Leung, Y. H., et al. (2014). “Highly pathogenic avian influenza A H5N1 and pandemic H1N1 virus infections have different phenotypes in Toll-like receptor 3 knockout mice.” J Gen Virol 95(Pt 9): 1870-1879. PubMed
Toll-like receptors (TLRs) play an important role in innate immunity to virus infections. We investigated the role of TLR3 in the pathogenesis of H5N1 and pandemic H1N1 (pH1N1) influenza virus infections in mice. Wild-type mice and those defective in TLR3 were infected with influenza A/HK/486/97 (H5N1) or A/HK/415742/09 (pH1N1) virus. For comparison, mice defective in the gene for myeloid differential factor 88 (MyD88) were also infected with the viruses, because MyD88 signals through a TLR pathway different from TLR3. Survival and body weight loss were monitored for 14 days, and lung pathology, the lung immune-cell profile, viral load and cytokine responses were studied. H5N1-infected TLR3(-/-) mice had better survival than H5N1-infected WT mice, evident by significantly faster regain of body weight, lower viral titre in the lung and fewer pathological changes in the lung. However, this improved survival was not seen upon pH1N1 infection of TLR3(-/-) mice. In contrast, MyD88(-/-) mice had an increased viral titre and decreased leukocyte infiltration in the lungs after infection with H5N1 virus and poorer survival after pH1N1 infection. In conclusion, TLR3 worsens the pathogenesis of H5N1 infection but not of pH1N1 infection, highlighting the differences in the pathogenesis of these two viruses and the different roles of TLR3 in their pathogenesis.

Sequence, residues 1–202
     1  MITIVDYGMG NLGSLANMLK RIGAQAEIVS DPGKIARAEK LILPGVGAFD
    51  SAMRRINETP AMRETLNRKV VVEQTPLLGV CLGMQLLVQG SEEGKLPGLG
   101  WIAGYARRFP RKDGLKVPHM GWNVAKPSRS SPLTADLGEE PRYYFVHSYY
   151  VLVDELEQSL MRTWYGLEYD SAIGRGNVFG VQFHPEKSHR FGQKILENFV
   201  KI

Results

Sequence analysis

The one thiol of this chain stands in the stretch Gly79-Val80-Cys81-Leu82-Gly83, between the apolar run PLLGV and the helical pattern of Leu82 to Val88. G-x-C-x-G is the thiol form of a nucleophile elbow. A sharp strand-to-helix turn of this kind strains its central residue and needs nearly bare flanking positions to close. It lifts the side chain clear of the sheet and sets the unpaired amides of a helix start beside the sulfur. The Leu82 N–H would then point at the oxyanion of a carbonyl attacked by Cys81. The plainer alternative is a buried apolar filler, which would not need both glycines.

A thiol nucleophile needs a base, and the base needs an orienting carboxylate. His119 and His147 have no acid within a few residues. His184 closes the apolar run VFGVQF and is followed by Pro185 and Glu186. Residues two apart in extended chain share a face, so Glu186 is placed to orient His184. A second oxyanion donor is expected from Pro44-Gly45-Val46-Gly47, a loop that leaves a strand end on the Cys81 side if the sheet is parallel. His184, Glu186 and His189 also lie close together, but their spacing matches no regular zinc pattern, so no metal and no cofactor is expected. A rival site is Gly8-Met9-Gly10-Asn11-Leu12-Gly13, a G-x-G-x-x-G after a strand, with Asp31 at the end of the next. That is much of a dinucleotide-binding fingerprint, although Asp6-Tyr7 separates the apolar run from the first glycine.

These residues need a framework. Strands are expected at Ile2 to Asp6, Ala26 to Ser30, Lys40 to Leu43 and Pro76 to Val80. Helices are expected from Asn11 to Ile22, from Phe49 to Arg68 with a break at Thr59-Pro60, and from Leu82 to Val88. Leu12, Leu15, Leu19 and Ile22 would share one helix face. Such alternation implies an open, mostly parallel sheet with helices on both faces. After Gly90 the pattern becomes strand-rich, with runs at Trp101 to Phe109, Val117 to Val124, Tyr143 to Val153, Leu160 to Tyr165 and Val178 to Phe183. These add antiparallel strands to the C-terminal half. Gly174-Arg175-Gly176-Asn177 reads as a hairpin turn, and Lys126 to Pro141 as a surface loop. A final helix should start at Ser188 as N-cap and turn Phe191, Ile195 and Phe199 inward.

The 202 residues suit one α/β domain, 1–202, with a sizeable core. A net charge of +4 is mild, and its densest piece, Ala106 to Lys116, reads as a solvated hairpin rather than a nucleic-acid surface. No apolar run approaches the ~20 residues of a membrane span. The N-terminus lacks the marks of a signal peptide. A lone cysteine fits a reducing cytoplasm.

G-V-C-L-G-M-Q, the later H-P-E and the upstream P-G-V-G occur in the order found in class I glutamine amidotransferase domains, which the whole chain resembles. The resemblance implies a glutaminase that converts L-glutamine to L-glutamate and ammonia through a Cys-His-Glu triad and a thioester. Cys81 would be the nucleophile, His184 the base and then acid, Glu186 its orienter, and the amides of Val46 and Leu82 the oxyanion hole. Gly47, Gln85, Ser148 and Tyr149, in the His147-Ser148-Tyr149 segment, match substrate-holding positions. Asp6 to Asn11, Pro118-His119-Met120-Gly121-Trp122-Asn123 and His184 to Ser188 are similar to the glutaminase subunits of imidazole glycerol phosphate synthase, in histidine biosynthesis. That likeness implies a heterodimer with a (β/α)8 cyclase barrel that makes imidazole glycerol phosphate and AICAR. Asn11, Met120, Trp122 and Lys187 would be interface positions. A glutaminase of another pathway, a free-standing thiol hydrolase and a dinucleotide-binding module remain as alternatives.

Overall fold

van Baalen, C. A., et al. (2014). “Detection of nonhemagglutinating influenza a(h3) viruses by enzyme-linked immunosorbent assay in quantitative influenza virus culture.” J Clin Microbiol 52(5): 1672-1677. PubMed